Balangon started in 1989. The initial source was in the foothill mountain villages around Kanlaon Volcano in Negros Occidental. It was introduced to the Japanese consumers’ cooperatives. A relationship triggered by the visit of Japanese consumers in Negros in 1987. Balangon became the banner product of people-to-people relationship between Negros balangon growers and Japanese consumers. Balangon banana was the first and only banana produced by small-holder farmers that have successfully gained entry in the Japanese market widely dominated by bananas of multi-national corporations.
Balangon growers were among the poorest sector in the country because this is the mission of p2p trading. It is by the sweat of the brow of numerous balangon farmers from different production areas nationwide to send a container load of naturally grown balangon bananas to Japan.
In 2016, Balangon was introduced to Korean consumers’ cooperatives and Balangon importation as regular p2p commodity started in August 2017. Second to Mascobado, Balangon bananas is the second p2p fair trade product of Alter Trade with the Korean network.
The Korean market nearly failed early in 2017 when Balangon volume stability was challenged by adverse weather conditions. With people-to-people spirit, this was conquered.
Today there are 7 Balangon production locations sites (Negros, Bohol, Northern Luzon, Tupi, Lake Sebu, Makilala, Northern Mindanao) and 9 packing centers.
31 Years of Balangon Trading: 1989- 2020
Panay and Northern Mindanao Balangon operations fully-operated by PARTNERS and DOSE (Development Options and Social Entrepreneurship, Inc) respectively. Closure of Panay balangon operation with PARTNERS in March 2020.
Balangon Operation was transferred from Alter Trade Corporation (ATC) to Altertrade Philippines, Inc (ATPI).
Alternative People's Network (APNET), presently People's Fair Trade Cooperative (PTCoop) became a regular market of Balangon banana in Korea.
Start of Balangon Volume Stabilization Program (BVSP), a joint initiative of Altertrade Philippines, Inc (ATPI) and Alter Trade Japan (ATJ) in Tupi and Lake Sebu.
Trial shipments of Balangon bananas to Korea through Alternative People's Network (APNET), presently People's Fair Trade Cooperative (PTCoop).
Far North packing center was established.
Rehabilitation efforts in Panay areas in North Iloilo (Carles, Balasan, San Dionesio) with PARTNERS .
Start of Makilala bananas through Don Bosco Foundation for Sustainable Development, Inc. (DBFSD) in North Cotabato
Strong Bohol earhquake at 7.2 magnitude in October 15. Relief mission and assistance by foreign donors were facilitated by Alter Trade Corporation (ATC) to Bohol Balangon growers.
Super Typhoon Yolanda hit Philippines on November 13. Greatly affected were Eastern and Western Visayas. Relief missions and assistance by foreign donors were faciliatated by Alter Trade Corporation (ATC) in Western Visayas (Sagay and Panay).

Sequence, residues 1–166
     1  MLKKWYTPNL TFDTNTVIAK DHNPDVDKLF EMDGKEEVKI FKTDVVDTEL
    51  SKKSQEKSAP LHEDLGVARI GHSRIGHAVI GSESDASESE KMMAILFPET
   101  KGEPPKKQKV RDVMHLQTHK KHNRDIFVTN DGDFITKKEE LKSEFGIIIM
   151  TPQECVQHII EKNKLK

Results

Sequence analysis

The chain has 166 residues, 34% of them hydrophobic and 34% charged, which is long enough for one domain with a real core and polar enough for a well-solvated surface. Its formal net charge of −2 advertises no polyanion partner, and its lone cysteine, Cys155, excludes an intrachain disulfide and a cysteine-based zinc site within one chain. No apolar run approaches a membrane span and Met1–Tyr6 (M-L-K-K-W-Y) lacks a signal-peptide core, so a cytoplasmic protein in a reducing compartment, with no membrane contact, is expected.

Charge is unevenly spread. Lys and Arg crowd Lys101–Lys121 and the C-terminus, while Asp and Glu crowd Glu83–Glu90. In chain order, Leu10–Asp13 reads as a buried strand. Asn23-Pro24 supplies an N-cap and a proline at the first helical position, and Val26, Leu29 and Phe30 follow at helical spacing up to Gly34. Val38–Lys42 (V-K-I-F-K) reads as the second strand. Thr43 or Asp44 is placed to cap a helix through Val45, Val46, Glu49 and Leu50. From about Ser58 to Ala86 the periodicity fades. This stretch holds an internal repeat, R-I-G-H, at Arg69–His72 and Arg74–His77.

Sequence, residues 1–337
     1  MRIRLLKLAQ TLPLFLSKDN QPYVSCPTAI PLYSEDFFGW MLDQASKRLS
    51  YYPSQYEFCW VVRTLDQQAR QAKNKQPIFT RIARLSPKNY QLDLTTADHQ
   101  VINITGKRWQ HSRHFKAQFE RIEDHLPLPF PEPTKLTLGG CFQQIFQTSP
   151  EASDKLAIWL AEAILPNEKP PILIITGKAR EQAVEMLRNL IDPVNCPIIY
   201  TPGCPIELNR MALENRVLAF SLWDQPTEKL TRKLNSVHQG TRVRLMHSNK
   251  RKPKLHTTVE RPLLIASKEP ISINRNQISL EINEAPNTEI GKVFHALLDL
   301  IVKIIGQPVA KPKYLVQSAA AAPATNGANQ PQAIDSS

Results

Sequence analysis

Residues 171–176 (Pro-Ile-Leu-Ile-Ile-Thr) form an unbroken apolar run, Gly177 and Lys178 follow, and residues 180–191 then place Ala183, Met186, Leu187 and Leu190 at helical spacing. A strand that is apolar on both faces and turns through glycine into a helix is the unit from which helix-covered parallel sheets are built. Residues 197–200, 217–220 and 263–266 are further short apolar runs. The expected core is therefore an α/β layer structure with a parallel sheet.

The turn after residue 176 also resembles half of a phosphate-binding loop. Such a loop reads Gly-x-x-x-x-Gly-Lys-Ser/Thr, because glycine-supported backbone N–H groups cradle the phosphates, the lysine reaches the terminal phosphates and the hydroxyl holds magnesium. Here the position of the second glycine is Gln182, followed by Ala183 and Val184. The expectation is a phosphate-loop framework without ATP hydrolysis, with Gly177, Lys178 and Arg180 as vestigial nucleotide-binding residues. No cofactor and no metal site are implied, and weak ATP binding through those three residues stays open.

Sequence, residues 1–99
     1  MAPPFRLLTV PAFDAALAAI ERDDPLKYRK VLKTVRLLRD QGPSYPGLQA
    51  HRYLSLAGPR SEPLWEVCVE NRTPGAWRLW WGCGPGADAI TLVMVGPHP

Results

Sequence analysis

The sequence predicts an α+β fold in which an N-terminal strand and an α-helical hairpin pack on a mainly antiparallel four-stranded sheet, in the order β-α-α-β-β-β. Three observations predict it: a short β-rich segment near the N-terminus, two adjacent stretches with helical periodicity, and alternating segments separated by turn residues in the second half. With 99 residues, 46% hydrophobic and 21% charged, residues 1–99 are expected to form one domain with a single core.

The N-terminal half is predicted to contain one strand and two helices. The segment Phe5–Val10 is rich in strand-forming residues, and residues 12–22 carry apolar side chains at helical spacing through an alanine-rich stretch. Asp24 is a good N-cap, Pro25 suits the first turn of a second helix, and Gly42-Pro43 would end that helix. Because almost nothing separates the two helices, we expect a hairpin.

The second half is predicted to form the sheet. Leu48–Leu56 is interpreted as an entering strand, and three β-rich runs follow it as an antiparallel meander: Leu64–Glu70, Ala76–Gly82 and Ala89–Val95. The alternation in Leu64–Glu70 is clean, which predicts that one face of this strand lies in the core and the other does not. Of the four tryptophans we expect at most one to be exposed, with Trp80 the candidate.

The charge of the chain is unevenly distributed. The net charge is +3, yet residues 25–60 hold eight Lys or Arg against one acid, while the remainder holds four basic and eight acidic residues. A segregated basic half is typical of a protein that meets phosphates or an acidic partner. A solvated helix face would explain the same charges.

Strong Negros earthquake 6.9 magnitude. Alter Trade Corporation (ATC) focused its relief missions in two worse affected villages: Brgy. Humay-humay and Brgy. Planas in Guihulngan, Negros Oriental.
Balangon export of Lake Sebu bananas through Allah ValleyDevelopment Foundation Inc (AVDFI) and Upper Allah Valley Farmers Inc (UAVFI)
TUBAGA (Tupi Balangon-Bulungan Growers Association) managed Tupi Balangon when MOVE was dissolved.
ATC truck was burned by communist armed group in Toboso, Negros Occidental.
Northern Mindanao balangon started
ATJ's project Balangon Balangon production experiment in Tasiman in Lake Sebu, South Cotabato.
Tupi Balangon exported through MOVE (Mindanao Organic Venture Enterprises). MOVE was a collective project of ATJ, ATC, Farm Coop & FEDCO. MOVE was dissolved in 2006.
CORDEV (Center for Organic Farming and Integrated Rural Development) started organizing NL Balangon growers. Became cooperative in 2010 and was renamed as Cooperative for Rural Development. CORDEV stopped operating in 2016.
BRP (Balangon Renewal Program) was launched in Negros, Tupi and Northern Luzon.
ATC trucks were burned by communist arm groups in Silay and Talisay, Negros Occidental. ATC operations closed for 8 weeks.
Rapid Rural Appraisal (RRA) was conducted in the 5 towns supplying Balangon in Northern Luzon.
Northern Luzon Balangon was exported as buffer.
Massive selling of farms when land prices skyrocketted resulting to sudden dwindling of Cavite Balangon volume, due to land conversion of agriculture to industrial zones in CALABARZON.
Northern Luzon was explored in late 1996.
Volume dropped due to series of typhoons and spread of BBTV in Negros Balangon communities
BBTV spread all over La Granja sources in Negros.
Start of Bohol bananas through People's Fair Trade Assiatance Center (PFTAC) started.
Banana Buchy Top virus disease was first reported in La Granja.
NCPD with JCNC launched FYDP (Five Year Development Plan) in La Granja Balangon communities.
Start of Balangon from Iloilo through Panay Fruits Trading Corporation (PFTC). Latest p2p trade partner in Panay was Partners for Rural Upliftment and Sustainable Farming, Inc (PARTNERS).
Balangon recovered in La Granja in Central Negros. Export resumed from 17 Kanlaon foothill villages. Cavite Balangon started as buffer source.
Lakatan sourced in Mindoro was subsitute for Balangon.
Typhoon Ruping, October 1990 devastated Negros Balangon communities.
Start of Balangon Trading. Balangon was introduced to the members of Green Coop Union in Fukuoka, Japan through the initiative of Mr. Masaji Kaneshige. Initial source was in the foothill mountain villages around Kanlaon Volcano in Negros Occidental.